Coral resilience under climate stress: Insights from Hawaiian reefs

Coral resilience under climate stress: Insights from Hawaiian reefs

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In Kaneohe Bay, Hawaii, a profound study unfolds, delving into the resilience of coral reefs facing climate change. Led by Katie Barott from the University of Pennsylvania, researchers embarked on a decade-long journey to understand how corals cope with rising ocean temperatures.

Rice Corals (Montipora capitata), Kane'ohe Bay, O'ahu, Hawaii

In 2015, amidst a marine heatwave, Barott’s team tagged numerous coral colonies, initiating a study on coral adaptability. Their focus: the rice coral (Montipora capitata) and finger coral (Porites compressa), two dominant species in the region. Over the years, multiple heatwaves provided a unique opportunity to observe coral responses, revealing both resilience and vulnerability.


Corals, colonial marine invertebrates, rely on a symbiotic relationship with algae for survival. However, disturbances like temperature shifts can disrupt this delicate balance, leading to coral bleaching—a critical threat to reef ecosystems. The researchers meticulously tracked over 40 coral colonies, discovering variations in resilience. While some corals displayed persistent pigmentation, indicating thermal tolerance, others exhibited signs of acclimatization, adapting to successive heatwaves.

Environmental memory

The study unveiled the concept of “environmental memory,” where corals retain resilience from prior stress events. This phenomenon parallels human adaptation to exercise, suggesting corals can acclimate to recurring stressors. However, resilience varied between species, with rice coral showing prolonged recovery periods.

Despite signs of resilience, challenges persist. The ongoing El Niño cycle threatens warmer ocean temperatures, emphasizing the urgency of coral conservation. Future research aims to unravel genetic and physiological factors driving resilience, crucial for predicting coral survival in a changing climate.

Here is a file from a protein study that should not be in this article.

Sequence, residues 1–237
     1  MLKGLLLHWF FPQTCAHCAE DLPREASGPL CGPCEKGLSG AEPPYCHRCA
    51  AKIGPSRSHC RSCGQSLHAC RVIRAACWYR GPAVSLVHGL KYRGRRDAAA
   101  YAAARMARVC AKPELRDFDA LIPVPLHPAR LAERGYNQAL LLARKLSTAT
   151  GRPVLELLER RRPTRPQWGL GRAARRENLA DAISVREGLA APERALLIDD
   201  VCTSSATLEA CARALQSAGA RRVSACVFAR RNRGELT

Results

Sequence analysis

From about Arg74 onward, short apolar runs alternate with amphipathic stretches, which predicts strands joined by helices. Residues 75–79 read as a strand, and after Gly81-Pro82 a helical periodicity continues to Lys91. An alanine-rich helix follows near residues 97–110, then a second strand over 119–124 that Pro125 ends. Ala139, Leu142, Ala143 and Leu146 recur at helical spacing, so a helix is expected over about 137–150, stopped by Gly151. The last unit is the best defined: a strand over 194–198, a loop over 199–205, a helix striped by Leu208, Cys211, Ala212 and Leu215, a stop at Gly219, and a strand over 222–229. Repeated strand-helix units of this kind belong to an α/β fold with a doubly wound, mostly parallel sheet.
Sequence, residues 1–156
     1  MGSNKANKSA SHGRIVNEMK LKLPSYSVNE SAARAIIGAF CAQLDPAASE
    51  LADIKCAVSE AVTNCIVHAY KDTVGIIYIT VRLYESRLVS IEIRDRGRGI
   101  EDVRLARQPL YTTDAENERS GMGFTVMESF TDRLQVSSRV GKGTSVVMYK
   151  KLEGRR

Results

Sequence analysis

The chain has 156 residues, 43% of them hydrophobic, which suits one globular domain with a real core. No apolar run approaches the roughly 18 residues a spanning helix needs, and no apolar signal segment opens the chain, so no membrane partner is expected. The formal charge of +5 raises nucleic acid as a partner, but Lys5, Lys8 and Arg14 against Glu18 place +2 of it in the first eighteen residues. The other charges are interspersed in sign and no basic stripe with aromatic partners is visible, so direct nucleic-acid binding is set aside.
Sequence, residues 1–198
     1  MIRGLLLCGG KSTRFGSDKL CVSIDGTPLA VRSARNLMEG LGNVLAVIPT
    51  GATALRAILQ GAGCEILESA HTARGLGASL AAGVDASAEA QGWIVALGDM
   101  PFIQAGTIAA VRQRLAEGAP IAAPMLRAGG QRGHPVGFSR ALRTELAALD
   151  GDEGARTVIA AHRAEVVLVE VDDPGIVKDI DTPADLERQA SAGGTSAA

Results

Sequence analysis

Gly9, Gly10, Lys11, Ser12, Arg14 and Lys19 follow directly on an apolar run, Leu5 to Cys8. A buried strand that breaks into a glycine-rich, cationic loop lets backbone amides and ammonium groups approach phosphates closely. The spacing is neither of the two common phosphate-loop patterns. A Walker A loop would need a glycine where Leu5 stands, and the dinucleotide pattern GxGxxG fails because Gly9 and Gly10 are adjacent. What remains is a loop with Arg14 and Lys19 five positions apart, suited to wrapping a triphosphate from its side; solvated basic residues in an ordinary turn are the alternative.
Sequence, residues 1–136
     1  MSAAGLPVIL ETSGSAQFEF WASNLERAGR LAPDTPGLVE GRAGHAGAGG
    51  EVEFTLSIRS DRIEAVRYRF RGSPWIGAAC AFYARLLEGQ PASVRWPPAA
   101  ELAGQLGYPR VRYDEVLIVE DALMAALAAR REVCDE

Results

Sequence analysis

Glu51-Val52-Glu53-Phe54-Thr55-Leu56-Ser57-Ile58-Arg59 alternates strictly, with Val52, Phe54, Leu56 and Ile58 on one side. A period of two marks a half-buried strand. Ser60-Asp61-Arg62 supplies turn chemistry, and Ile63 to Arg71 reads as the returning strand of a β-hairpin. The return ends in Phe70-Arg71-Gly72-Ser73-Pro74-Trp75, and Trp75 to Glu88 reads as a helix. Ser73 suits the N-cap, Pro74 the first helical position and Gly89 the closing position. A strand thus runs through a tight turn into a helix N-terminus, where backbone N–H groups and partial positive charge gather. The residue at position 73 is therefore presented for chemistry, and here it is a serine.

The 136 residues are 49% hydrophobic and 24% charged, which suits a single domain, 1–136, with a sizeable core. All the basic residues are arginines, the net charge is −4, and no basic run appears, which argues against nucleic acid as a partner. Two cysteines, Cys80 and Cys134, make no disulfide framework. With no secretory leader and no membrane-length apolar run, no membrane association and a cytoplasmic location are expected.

Global significance

These findings hold global significance, guiding conservation efforts and informing policymakers. Protecting resilient coral species is paramount for preserving marine biodiversity and the vital services coral reefs provide. However, achieving zero carbon emissions remains imperative for the long-term survival of coral ecosystems.

As Barott stressed, preserving coral reefs is essential for cultural heritage and ecosystem health. Urgent action is needed to address losses and safeguard these invaluable marine ecosystems for future generations.

“Getting to zero carbon emissions is absolutely essential for the survival of coral reefs into the future,” said Barott. “So, even though we have signs of resilience, if the only species left is Porites compressa, we’re not going to have the amount of biodiversity and services from these ecosystems that a lot of people rely on, both for their cultural value as well for nutrition. Corals can take years to reach sexual maturity, and some reefs can take thousands of years to fully form, so addressing these losses is urgent and pressing if we want to maintain coral reef ecosystems as we know them.”

Proceedings of the National Academy of Sciences (PNAS)
University of Pennsylvania